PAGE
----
Senate GOP aren't in a hurry to pass a new round of COVID-19 stimulus funding after House passes $3T bill

Both the AH&LA and AAHOA released statements in support of the President’s call for bipartisan efforts to improve border security and ongoing job growth.
Senate Republicans don't appear ready yet to pass another round of stimulus funding for providers despite pleas from groups for more money. (Getty Images/Bill Chizek)

Senate Republicans are not likely to take up another round of funding for providers any time soon even as a $3 trillion bill was passed by the House of Representatives last week.

Several Republican senators have said they want to wait to see the impact of prior stimulus bills and have bashed the House bill that was passed by a largely party line vote. However, Republicans are open to giving liability protections for providers, a major demand from hospital groups.

“We ought to send the money that we’ve already appropriated—that’s $3 trillion—and see how it works,” said Sen. Lamar Alexander, R-Tennessee, during a recent interview on PBS. “Much of it has not yet gone out. For example, all the money for hospitals hasn’t gone out.”

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Sen. Rob Portman, R-Ohio, said on the Senate floor that moving forward means looking at what Congress has already done.

“Let’s not start to legislate again and spend more money until we know how what we have already sent works,” he said. “The money is just being distributed now. In fact, most of our money in Ohio that goes to the state and local governments has not been distributed yet.”

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The CARES Act, a $2.2 trillion stimulus bill, included $100 billion to help prop up providers that have seen their finances devastated due to COVID-19.

Congress passed another $75 billion for providers in a supplemental bill last month.

The Department of Health and Human Services has given details on how it is distributing the money, including a $50 billion general fund for all providers and allocations specifically for COVID-19 hot spots and rural facilities.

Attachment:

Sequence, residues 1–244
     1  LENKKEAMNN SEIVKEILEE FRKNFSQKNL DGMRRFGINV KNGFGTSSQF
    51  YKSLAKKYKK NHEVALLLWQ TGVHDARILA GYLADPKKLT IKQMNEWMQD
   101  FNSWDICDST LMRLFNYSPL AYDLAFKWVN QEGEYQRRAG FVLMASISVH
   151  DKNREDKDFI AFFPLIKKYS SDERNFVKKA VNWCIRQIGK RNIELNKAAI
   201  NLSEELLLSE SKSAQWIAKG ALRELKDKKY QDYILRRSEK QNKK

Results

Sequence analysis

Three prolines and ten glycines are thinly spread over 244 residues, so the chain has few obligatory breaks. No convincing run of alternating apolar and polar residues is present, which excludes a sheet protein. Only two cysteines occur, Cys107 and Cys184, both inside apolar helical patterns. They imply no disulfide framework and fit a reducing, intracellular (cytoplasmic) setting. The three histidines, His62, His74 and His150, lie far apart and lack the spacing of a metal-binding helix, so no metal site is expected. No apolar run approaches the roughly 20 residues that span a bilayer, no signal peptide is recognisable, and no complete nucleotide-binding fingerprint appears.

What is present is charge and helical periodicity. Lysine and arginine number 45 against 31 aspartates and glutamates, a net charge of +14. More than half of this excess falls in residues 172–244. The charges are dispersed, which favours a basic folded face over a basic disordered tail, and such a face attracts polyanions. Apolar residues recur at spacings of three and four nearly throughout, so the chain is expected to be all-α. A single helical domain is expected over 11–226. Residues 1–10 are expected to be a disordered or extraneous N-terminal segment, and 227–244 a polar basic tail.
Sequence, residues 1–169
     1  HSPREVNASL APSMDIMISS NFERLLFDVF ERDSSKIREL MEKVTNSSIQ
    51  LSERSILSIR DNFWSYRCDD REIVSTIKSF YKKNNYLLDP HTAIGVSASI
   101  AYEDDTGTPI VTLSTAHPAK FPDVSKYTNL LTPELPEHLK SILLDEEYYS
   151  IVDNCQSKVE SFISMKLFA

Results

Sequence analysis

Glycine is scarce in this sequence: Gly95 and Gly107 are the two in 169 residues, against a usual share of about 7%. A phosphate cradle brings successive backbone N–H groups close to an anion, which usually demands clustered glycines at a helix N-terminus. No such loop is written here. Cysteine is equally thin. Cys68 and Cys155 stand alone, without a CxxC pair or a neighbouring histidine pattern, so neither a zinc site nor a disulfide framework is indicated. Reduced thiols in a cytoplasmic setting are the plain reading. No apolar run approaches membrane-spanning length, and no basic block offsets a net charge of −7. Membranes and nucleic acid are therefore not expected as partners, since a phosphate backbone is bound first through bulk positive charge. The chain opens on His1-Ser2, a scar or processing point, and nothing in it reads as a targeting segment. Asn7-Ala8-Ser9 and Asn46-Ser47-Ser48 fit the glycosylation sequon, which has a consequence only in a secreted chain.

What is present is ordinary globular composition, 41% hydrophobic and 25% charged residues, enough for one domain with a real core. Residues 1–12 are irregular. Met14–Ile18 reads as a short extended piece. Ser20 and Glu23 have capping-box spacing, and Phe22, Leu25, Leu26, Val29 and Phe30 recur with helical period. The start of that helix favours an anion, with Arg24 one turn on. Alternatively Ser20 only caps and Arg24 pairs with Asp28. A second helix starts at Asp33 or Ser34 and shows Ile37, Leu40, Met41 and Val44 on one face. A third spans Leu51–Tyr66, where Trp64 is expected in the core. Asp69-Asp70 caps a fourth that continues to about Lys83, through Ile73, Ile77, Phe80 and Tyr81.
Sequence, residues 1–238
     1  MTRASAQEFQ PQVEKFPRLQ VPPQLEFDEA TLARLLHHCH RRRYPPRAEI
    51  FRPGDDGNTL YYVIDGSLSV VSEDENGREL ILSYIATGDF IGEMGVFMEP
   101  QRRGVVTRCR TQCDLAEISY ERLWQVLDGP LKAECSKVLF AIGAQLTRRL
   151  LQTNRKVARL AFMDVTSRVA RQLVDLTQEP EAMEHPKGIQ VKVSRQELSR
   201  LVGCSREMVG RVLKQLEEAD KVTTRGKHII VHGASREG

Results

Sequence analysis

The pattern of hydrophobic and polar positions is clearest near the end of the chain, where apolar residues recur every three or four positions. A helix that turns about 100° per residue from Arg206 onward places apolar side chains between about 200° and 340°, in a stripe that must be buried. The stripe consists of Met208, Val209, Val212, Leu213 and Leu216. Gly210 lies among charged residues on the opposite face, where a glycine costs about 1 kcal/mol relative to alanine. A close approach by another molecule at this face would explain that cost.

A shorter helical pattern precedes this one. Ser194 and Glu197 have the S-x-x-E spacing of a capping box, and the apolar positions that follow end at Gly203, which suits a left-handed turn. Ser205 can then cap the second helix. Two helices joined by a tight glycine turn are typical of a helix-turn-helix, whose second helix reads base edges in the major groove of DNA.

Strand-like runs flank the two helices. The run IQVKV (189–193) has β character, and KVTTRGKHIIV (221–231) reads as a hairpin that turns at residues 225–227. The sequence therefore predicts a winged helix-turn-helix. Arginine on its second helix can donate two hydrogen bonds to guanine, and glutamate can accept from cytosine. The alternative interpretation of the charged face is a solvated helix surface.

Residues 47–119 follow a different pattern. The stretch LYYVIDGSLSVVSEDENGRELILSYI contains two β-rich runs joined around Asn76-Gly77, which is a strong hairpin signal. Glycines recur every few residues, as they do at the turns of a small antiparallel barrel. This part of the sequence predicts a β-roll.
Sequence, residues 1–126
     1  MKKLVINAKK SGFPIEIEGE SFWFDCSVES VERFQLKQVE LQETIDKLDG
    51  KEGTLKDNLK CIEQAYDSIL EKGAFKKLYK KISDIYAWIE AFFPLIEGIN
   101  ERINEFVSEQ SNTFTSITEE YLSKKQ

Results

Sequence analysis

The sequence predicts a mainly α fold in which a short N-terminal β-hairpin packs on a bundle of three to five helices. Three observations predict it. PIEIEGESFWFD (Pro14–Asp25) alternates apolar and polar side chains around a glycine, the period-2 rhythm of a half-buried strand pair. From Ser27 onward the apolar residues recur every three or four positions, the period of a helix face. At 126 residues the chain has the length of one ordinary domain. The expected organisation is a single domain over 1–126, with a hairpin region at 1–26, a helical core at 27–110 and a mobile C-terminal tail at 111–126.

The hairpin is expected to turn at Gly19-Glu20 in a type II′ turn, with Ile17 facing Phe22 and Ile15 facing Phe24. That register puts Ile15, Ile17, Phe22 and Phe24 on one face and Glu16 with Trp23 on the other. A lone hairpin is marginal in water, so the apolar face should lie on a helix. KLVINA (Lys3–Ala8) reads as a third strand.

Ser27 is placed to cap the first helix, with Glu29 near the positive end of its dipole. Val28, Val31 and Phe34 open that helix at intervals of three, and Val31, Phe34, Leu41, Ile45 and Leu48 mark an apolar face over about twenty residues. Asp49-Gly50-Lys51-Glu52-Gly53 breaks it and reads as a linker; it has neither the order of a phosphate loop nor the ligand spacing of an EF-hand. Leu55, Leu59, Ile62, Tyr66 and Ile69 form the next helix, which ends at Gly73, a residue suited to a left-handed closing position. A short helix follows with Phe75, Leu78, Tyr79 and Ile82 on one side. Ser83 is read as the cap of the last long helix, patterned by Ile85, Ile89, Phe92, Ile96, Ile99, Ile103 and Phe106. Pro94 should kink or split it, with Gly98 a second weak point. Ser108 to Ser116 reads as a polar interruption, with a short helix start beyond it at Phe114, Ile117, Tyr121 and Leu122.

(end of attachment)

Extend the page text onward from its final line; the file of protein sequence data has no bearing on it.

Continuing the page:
But hospital groups have said they need much more money as finances have ground to a halt due to a combination of low patient volume and the cancellation of elective procedures.

The Association of American Medical Colleges praised the HEROES Act and was “encouraged by the timeliness of this legislation, recognizing the critical importance of delivering additional support and initiatives to help contain this pandemic,” according to a statement on May 14.  

But Republicans have pilloried the legislation as a partisan, Democratic wish list of priorities.

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Senate Majority Leader Mitch McConnell called it an “enormous, enormous political messaging bill” on the Senate floor Monday.

However, Senate Republicans do appear to be receptive to a major issue for hospitals: liability protection.

A collection of hospital groups including the American Hospital Association, the Federation of American Hospitals (FAH), America’s Essential Hospitals and the Association of American Medical Colleges sent a letter to congressional leaders on May 7 on the issue.

The letter notes that some states have taken action to shield providers from legal exposure due to actions taken in response to the pandemic.

“But there is an inconsistent level of action across the country and federal legislation would ensure all frontline workers are protected,” according to a statement from the FAH.

The idea has the support of Senate Republicans, but it remains unclear if or when such protections will pass Congress.

“We need strong legal protection to ensure that our historic recovery efforts are not drained away from healthcare workers, schools and university or small businesses in order to line the pockets of trial lawyers,” McConnell said.

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